I met Zack Ryan in New York last year at a screening of Beautiful Something. “A compassionate, romantic drama,” the Village Voice aptly described it. In his screen début, Zack plays Jim, who’s in a torrid relationship with Drew, who is a famous sculptor. Jim is his muse, but seeks more attention, so he takes it to the streets. Rough and tumble, one scene finds Zack completely naked, sporting a solid build—I might add!
Zack gives a polished performance as the broken Jim. Seeing his name on the marquée that night, I asked if this was his real name, as it seemed like a typical choice for an actor’s name. He replied, “My birth name is Zachary…Thomas…Ryan—three first names!”
He told me he graduated from Rutgers with a degree in mechanical engineering because he
wanted to be Iron Man. Okay. With a sense of humor like that, I was enthralled.
I was also captivated by his humanitarianism. This twenty-six year old began his charitable work as a senior in his New Jersey high school. He was part of a program called HiTops, Health Interested Teens Own Program on Sexuality. Their byline is: healthy communities begin with healthy young people. The organization addresses risky sexual behavior and violence. They focus on prevention, providing education and support.
In college, Zack and his frat brothers fundraised for St. Jude’s. He also worked with (Product) RED, which was established in 2006 by Bono and Bobby Shriver [A&U, March 2007] to provide help for those who suffer with AIDS in Africa.
Not just a thespian, Zack started several clothing companies employing his marketing, advertising, and web design skills.
On this snowy Big Apple afternoon, I bundle up in my faux fur, hop Amtrack, and speed out to Zack’s home in Princetown, NJ. I catch up on my reading, In Such Good Company by Carol Burnett.
Ruby Comer: What a lovely area you live in, Zack. [As we settle into his cozy living room, he offers me hot tea.] Tell me more about your involvement in HiTops. I must be honest, I had never heard of this project.
Zack Ryan: We pretty much educated underclassmen about HIV, STDs, homophobia, and date rape through workshops and skits. We made sure that everyone knew the facts. I guess you can say that was my first acting job, Ruby!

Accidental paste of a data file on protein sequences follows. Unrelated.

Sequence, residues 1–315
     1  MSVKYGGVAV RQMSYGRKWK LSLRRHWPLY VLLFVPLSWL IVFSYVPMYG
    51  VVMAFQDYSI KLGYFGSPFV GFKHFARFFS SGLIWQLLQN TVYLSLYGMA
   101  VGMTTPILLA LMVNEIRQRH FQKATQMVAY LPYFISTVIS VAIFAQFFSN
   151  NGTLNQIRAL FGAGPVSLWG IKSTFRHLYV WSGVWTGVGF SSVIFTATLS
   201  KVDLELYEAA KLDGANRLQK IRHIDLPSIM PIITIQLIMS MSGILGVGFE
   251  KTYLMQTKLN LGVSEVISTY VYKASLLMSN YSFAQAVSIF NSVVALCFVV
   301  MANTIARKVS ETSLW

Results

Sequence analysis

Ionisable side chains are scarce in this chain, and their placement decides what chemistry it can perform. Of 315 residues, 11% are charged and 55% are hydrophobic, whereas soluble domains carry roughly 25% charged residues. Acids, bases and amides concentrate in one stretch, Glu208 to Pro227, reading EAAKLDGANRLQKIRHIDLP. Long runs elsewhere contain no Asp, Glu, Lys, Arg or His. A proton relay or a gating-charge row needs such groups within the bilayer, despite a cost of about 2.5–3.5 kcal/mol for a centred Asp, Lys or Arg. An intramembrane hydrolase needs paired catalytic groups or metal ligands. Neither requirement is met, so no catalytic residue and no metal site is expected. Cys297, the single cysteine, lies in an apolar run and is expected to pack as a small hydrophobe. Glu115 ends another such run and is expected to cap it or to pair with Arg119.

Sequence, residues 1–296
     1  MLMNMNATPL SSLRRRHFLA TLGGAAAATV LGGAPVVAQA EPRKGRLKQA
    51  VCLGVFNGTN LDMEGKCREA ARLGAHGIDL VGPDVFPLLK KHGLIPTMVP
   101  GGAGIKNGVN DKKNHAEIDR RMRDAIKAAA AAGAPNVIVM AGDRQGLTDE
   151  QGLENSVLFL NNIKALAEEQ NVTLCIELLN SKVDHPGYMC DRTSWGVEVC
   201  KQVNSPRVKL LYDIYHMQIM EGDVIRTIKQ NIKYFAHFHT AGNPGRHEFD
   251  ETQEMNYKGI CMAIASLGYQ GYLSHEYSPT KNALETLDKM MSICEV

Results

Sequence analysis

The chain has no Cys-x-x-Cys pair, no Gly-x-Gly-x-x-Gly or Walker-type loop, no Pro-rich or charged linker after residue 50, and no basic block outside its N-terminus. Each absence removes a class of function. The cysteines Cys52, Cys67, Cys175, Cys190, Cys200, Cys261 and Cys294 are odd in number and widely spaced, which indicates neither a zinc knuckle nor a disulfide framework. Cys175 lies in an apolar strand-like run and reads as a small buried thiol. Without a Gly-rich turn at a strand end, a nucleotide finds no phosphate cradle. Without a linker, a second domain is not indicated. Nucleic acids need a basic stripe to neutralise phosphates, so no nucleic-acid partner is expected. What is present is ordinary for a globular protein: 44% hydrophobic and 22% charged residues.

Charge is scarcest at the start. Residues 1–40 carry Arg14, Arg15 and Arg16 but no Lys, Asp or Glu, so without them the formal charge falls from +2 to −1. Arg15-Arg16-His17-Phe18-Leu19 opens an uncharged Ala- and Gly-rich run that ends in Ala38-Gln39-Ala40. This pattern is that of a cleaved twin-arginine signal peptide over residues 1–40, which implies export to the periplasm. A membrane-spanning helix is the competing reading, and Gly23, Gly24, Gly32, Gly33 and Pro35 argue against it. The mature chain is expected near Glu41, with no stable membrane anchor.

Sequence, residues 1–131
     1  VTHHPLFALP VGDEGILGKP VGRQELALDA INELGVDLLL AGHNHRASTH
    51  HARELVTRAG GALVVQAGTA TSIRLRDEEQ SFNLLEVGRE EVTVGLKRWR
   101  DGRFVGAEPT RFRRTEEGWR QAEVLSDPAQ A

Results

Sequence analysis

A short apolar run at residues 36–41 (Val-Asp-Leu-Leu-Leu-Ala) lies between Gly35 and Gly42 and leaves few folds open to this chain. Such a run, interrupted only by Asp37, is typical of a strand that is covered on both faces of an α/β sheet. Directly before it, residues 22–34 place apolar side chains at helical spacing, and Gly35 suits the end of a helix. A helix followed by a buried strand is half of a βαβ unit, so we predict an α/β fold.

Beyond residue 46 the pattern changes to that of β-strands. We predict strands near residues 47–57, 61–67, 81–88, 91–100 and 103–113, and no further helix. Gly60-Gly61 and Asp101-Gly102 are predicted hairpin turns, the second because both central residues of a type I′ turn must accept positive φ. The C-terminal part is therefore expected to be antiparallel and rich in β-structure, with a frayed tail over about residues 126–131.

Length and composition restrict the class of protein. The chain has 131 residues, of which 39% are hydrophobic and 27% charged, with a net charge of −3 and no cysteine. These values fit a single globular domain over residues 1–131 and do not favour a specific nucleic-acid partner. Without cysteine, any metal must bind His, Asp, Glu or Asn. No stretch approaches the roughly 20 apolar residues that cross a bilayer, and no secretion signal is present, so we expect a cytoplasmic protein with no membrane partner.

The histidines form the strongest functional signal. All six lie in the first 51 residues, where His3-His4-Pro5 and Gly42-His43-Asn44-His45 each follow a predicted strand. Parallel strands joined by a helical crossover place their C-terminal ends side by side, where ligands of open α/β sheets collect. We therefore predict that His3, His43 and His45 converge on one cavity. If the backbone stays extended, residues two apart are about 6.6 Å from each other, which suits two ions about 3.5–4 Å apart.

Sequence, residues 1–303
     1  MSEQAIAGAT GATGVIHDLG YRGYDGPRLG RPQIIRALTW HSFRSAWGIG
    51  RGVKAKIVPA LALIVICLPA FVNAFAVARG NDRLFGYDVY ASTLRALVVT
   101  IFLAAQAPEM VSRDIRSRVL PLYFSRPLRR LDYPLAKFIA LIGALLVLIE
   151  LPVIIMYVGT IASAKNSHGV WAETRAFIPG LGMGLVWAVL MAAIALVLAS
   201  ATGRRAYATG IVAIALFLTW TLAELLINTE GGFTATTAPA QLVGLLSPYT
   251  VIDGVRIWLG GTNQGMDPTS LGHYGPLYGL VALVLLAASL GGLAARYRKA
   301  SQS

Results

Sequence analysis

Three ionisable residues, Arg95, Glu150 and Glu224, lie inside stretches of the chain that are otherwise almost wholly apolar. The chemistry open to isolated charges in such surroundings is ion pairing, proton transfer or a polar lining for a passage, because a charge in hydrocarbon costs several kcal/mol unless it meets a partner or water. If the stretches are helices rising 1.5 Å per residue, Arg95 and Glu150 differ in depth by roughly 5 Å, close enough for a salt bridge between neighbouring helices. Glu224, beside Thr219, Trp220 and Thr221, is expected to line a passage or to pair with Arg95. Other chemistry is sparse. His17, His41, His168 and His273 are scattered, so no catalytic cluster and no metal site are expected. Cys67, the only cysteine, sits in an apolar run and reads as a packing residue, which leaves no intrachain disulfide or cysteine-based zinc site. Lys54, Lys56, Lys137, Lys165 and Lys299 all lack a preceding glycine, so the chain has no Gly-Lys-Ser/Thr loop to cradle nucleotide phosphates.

I guess…[he cuts in].
No [he announces with gusto]. My first actual performance was when I was eight when my mom cast me in her blind date scene as her ailing child. She needed an escape in case the blind date went south. When she scratched her nose, that was my cue. So I chugged my soda and pretended like I had a terrible stomachache. I slowly built it up to a terrible aching pain, even getting myself to the point of tears. When we got back to the car, my mom asked if I was okay. I responded with a smile on my face, “How did I do?”
You are funny! Did your New Jersey high school provide HIV prevention education?
Yes! I first learned about it as a freshman, when I took health class. Once you were in HiTOPS we had class almost every day, including tests and quizzes to make sure we knew all the material before presenting.
What a grand school! How did you hear about the epidemic?
I’m pretty sure it was my mom who explained it to me. She also told me to wear a condom. HIV was a great reason to wear one, as I remember having that fear instilled in me.
Kudos to your mom! How do you practice safer sex?
Condoms. I’ve always worn protection.
You’re smart, Mr. Ryan, for advocating safer sex. Because you played gay so well in Beautiful Something, I thought you were.
Thanks for the compliment. That’s what I was going for.
You have been dating Samantha for three years. When you first met, how did you guys bring up the topic of STD testing?
I’m pretty sure we asked each other, “So…you don’t…have anything right?” We pretty much took each other’s word for it and we always practiced safe sex. I’m not ready to be a father yet. [He chuckles.]
I have to know more about this Iron Man fixation.
I loved the idea of building a mechanical suit that would give us super strength and let us fly. It’s not such a far-fetched idea. It’s actually possible. I always wanted to be at the forefront of technology and building and coming up with crazy ideas—and I’m good at it!
I guess you now apply these ideas to your acting! What scene were you not looking forward to shooting in Beautiful Something?
Honestly, I was not looking forward to all of the hot-man-on-man action scenes. But once I stepped into character, I lost my anxiety and just went for it. Joe Graham [the director and writer] made sure we were actually huffing and puffing and sweating! We definitely gave it our all. [With a tender nod, Zack beams.]
I like how AIDS is mentioned in the film.
Yes, AIDS comes up when Jim, my character and, Bob, the older gentleman, were back at Bob’s home after dining out. Bob tells Jim that his lover died and Jim automatically asks, “From AIDS?” Joe wanted to point out that in Jim’s [young] mind, the only way older gay men die is from AIDS. Turns out that Bob’s lover died in the Vietnam war.
I see. Any more thoughts about the disease….
Fortunately, I don’t have anyone close to me who is HIV-infected. I believe where technology is going HIV doesn’t have to be [potentially fatal]. Hopefully within the next ten to twenty years it’ll be as rare as polio. My cousin is studying medicine and has some very cool ideas to help reprogram the virus to attack itself.
How stunning. Keep me posted, Zack. [I look out the window at the accumulating snowstorm. Zack catches my distress. He invites me to stay for dinner.] If you could have dinner with anyone famous, who would you choose?
Robert Downey Jr. He’s Iron Man. [I purse my lips and give a knowing nod.]
Ruby Comer is an independent journalist from the Midwest who is happy to call Hollywood her home away from home. Reach her by e-mail at [email protected].